JOLIET, Ill. (AP) — Danica Patrick is back in the Chicago area and looking forward to another Sprint Cup race at what is essentially her home track.
"It's good to be close to home. There's quite a few people coming out to the track. I have family members coming from Canada," she said Friday. "So, there's going to be a few people here. I just love Chicago. I love being in the city. I don't have a lot of happy feelings from last night's football game, but other than that it's good to be in Chicago."
Patrick grew up in Roscoe, about 116 miles from Chicagoland Speedway — hence the disappointment with the Bears' 23-10 loss to Green Bay on Thursday night. This will be Patrick's sixth Cup start this year in the No. 10 Chevrolet. She hasn't finished higher than 29th.
She's in 11th place in the Nationwide Series standings.
Patrick has raced nine times at Chicagoland — six times on the IndyCar Series. She finished 10th in a Nationwide race at the track in June 2011 and took 14th on that circuit at Chicagoland in July.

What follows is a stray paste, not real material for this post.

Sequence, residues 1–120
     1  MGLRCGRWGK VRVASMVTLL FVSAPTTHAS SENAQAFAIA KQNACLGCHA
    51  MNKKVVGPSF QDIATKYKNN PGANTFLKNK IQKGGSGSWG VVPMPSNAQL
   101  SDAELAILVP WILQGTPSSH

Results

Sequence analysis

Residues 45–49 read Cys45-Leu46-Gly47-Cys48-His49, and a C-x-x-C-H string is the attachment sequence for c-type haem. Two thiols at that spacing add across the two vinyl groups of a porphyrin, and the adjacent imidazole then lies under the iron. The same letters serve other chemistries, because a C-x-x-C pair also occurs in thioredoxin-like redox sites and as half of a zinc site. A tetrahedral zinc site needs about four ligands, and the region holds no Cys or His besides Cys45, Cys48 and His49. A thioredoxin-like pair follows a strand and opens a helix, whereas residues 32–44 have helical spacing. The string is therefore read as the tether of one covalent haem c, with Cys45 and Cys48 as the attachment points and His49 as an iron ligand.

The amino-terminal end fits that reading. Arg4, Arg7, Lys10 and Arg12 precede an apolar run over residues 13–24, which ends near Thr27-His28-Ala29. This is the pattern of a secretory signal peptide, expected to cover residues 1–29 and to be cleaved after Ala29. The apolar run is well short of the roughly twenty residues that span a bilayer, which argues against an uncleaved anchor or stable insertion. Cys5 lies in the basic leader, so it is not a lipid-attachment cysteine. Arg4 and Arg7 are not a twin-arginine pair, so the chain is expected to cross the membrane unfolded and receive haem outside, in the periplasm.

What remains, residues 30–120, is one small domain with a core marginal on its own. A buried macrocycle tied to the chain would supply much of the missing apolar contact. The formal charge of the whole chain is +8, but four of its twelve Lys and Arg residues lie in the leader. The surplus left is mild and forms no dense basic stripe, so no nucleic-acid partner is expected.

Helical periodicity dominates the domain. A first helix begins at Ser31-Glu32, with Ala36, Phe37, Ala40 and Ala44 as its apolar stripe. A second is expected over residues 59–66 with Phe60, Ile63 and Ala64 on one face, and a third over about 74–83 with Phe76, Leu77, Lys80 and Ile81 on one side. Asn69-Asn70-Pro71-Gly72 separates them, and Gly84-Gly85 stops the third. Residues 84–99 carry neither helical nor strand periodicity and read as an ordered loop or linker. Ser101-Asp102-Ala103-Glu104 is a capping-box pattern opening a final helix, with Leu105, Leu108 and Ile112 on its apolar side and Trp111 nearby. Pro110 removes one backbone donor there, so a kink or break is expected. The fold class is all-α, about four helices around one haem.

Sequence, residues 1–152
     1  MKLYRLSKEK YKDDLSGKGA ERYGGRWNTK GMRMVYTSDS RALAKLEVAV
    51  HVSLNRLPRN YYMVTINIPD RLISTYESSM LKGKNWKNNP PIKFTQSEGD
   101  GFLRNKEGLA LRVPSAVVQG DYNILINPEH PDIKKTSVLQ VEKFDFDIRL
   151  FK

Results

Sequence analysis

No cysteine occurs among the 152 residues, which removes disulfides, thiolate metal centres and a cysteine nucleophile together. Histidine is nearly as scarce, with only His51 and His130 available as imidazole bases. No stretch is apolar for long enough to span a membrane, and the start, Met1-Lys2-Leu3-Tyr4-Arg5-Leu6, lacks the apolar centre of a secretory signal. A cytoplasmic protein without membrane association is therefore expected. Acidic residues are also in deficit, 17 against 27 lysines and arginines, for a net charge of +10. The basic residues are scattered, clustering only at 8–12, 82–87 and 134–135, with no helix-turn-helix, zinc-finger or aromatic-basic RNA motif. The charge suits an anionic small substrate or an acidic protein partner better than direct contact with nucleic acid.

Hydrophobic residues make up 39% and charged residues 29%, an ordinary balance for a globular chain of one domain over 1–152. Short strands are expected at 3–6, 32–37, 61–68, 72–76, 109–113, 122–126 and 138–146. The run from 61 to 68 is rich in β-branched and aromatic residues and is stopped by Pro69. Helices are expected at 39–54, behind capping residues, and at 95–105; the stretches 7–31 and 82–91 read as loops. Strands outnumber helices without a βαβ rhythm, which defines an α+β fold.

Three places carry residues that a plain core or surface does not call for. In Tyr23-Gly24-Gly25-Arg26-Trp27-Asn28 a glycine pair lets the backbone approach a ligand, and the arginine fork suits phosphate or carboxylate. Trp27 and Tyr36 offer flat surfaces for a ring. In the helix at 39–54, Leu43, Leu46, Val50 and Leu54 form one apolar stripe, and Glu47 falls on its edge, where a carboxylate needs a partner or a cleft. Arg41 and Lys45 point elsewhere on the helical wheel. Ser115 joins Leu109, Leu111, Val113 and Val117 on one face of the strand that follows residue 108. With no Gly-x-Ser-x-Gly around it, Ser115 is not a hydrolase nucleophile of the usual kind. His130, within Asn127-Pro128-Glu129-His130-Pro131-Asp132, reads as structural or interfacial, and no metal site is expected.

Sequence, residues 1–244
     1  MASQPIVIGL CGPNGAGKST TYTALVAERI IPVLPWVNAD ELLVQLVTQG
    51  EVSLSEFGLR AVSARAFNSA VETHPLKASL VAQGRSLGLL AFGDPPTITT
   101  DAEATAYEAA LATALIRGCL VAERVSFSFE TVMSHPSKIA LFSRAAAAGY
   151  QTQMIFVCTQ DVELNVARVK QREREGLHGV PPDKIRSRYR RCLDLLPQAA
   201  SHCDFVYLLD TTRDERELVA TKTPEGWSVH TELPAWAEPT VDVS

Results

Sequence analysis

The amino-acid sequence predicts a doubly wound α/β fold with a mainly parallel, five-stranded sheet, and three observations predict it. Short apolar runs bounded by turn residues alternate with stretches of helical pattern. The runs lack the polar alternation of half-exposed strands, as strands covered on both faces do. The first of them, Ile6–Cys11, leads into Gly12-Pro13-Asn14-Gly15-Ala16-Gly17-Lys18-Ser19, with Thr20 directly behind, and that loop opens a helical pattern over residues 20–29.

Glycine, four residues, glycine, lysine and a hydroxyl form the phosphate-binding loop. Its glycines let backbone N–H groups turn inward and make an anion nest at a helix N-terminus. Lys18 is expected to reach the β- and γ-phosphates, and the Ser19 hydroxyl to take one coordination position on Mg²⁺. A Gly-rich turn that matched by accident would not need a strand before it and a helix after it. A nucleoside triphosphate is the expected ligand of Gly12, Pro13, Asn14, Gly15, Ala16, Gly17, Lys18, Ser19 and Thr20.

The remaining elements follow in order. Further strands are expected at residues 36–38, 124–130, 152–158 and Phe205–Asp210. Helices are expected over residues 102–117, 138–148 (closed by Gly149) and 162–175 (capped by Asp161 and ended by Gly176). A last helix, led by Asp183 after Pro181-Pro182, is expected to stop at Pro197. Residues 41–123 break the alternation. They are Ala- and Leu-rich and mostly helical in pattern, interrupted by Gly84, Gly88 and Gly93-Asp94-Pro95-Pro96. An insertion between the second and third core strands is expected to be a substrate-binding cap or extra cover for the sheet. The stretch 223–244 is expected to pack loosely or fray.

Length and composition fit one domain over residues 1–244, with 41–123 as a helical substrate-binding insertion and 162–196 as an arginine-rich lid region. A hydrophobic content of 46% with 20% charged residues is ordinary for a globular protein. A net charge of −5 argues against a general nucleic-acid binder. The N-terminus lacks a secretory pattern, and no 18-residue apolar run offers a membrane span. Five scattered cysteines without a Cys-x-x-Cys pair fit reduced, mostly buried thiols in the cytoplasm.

"I know it's going to be different in the Cup car for sure. Everything is more difficult in the Cup car," she said. "I think the weather will help. Six or so weeks ago, whenever we were here it was very hot. I think the cool weather will hopefully help with the grip and make things a little bit easier, a little less slippery and greasy. When I say that I guess I'm thinking of somewhere like Atlanta where it just gets really slippery and you're kind of fighting for grip."
Patrick says although she has people in from out of the country for the race, that won't be too much of a distraction.
"My mom's side of the family is like right across the border from Minnesota. They saddled up and headed on down a few days ago," she said. "I think when you have people that are coming to the track, they are coming to support you of course but they are coming to see you too. You want to make time for them for making the effort. .. In my situation, which is trying to create realistic expectations, low expectations for the people coming to the track, basically you are not going to see me until after race. Something like that, so they don't get their hope up and think they are going to spend an hour hanging out with me knocking back beers before the race. That's just not how it goes."